Atlanta, Georgia - The American Civil Liberties Union (ACLU) announced today that it was preparing to file a lawsuit against the State of Georgia for the alleged violation of Church and State provision of the U.S. Constitution. Georgia governor, Sonny Perdue, got into hot water with the ACLU for inviting preachers to pray for rain in the drought stricken state on the steps of the state capital this week.
Contrary to popular belief prayer is allowed at official government ceremonies; however, prayer must only be offered at the ceremonies, not lead in prayer, which the ACLU is alleging.
"It is clear that the governor in his asking preachers to pray for rain," said a spokesman for the ACLU. "He was asking preachers not merely to offer a prayer but to lead the state of Georgia in prayer out of the drought while on the steps of the state Capital."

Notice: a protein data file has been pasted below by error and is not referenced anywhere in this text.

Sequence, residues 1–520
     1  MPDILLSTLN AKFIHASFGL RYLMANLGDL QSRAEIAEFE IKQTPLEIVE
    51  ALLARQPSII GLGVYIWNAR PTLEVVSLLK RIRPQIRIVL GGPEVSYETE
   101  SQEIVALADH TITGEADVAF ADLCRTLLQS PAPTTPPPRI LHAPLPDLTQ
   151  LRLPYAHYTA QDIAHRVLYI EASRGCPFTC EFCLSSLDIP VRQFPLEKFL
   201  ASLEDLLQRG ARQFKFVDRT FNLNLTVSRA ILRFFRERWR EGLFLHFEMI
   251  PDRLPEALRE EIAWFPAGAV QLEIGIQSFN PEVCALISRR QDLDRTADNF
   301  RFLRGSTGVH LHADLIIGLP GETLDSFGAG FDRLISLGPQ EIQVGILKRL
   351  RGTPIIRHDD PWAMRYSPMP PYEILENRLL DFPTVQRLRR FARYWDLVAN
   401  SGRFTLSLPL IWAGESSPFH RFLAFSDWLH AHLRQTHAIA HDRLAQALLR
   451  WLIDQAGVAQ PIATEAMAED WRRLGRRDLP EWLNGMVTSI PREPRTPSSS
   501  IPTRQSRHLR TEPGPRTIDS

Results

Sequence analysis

Pleadings filed with the court do in fact accuse the State of Georgia of being usurped by a theocracy of preachers, pastors and deacons.
"Clearly, the governor has transferred his duly elected authority over to the leadership of the clergy," stated the ACLU's court pleadings.
Theologians' caution, however, that they have it on higher authority that all the controversy the ACLU is stirring up is invoking the wrath of the Almighty which may cause him to open the canopy of the skies and flood the state of Georgia as a punishment for their doubting ways.
"Gee, that would be great," the governor's office, replied.
"The Lord does work in mysterious ways, " said a pastor.